Hormone treatments could have caused breast cancer in one million women since 1990, a study indicates.
The meta-study, published in the Lancet, reviewed data from 58 earlier studies and found an increased risk of breast cancer for women taking some hormone replacement medicines for menopause.
The data showed that for every 1000 women who used menopausal hormone therapy (MHT), 83 got breast cancer. Whereas only 63 in every 1000 got breast cancer in the group that did not use MHT.
The researchers found the risk was higher for medicines combining two hormones, and was twice as high for women who used the treatment for ten years, compared to five.
But there was no increased risk for women who took MHT for less than a year, or who applied it locally as an oestrogen cream.
University of Auckland professor of gynaecology Cindy Farquhar said links between breast cancer and MHT were already known, but previously it was thought to be relatively safe to use for up to four or five years.
This data gave more precise information about where the risks lay, she said.
"In the study it reports that in Western countries there have been about 20 million breast cancer diagnosis since 1990, and they've estimated that one million of them would have been caused by hormone treatment.
"This means about five percent of breast cancers could have been avoided."
She said more knowledge about risks would help doctors and patients make decisions about taking the medications.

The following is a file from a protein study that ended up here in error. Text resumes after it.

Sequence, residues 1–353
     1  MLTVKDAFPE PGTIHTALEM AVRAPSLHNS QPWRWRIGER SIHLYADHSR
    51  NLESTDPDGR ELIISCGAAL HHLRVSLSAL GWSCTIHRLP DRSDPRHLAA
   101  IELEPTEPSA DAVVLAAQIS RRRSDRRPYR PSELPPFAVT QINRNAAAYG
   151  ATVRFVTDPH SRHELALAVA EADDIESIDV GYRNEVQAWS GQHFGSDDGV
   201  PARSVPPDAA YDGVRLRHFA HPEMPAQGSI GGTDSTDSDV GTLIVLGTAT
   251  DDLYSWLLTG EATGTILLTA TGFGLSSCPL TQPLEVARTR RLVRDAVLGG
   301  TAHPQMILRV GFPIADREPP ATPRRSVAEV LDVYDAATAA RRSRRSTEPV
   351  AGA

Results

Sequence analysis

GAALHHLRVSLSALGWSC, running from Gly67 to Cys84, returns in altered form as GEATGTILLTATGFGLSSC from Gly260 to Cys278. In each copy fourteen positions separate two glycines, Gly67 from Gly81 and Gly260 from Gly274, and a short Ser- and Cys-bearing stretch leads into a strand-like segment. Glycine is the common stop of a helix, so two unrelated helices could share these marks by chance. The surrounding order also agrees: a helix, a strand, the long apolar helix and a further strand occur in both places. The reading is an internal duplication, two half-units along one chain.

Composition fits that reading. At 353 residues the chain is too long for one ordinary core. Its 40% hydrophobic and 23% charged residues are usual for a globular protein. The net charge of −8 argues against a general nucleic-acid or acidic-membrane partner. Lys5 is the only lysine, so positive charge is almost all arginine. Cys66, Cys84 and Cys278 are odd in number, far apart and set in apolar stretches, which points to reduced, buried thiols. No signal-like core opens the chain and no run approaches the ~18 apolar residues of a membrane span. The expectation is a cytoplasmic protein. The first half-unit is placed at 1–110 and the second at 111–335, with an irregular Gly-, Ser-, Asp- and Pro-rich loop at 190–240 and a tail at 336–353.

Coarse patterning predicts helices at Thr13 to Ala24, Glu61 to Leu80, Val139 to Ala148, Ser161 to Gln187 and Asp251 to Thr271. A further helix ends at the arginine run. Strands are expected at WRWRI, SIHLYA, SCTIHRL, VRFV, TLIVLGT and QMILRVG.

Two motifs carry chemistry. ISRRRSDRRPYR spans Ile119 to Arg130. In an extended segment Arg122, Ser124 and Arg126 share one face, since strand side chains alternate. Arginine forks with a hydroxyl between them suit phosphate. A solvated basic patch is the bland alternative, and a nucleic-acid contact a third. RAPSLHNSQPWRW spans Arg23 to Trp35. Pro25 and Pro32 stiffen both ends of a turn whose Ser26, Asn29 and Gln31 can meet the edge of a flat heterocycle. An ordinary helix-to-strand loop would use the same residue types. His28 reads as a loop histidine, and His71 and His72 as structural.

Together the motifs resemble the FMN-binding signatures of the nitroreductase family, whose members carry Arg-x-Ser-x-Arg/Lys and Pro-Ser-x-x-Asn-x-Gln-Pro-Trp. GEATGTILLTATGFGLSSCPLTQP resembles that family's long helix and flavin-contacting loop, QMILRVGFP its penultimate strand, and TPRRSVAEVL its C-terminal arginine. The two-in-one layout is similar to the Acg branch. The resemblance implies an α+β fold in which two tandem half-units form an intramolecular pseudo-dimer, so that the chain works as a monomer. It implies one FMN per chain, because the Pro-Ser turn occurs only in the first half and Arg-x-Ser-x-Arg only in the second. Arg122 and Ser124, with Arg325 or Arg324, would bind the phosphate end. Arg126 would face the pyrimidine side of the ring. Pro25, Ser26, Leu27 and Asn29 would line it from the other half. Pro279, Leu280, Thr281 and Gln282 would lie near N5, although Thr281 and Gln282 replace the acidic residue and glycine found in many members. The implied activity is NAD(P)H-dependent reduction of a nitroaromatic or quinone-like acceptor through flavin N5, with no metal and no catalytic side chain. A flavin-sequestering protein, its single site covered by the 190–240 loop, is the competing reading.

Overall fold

"Women on MHT should talk to their doctors about their risks of breast cancer," Prof Farquhar said.
"There is no increased risk of breast cancer with MHT-use only if women use it for less than one year.
"While this is reassuring - as MHT can be used for short term management of menopausal hot flushes - it does mean that treatments longer than one year need to be considered carefully."
Other factors that increase the risk of breast cancer for women include high alcohol intake, being overweight, and a family history of breast cancer.
Making sure mammograms were taken every two years was one way to decrease risk.
While the known risk of cancer to people who have used MHT is small, the increase is significant, says professor Andrew Shelling, Associate Dean of Research in the medical and health sciences faculty at the University of Auckland.
Balancing this risk with the benefits of the therapies to women during menopause was "a difficult and important conversation", he said.
"While MHT remains an appropriate treatment for women with moderate to severe menopausal symptoms, it must now be considered that it is best to provide an appropriate MHT, for the shortest period of time necessary to control symptoms."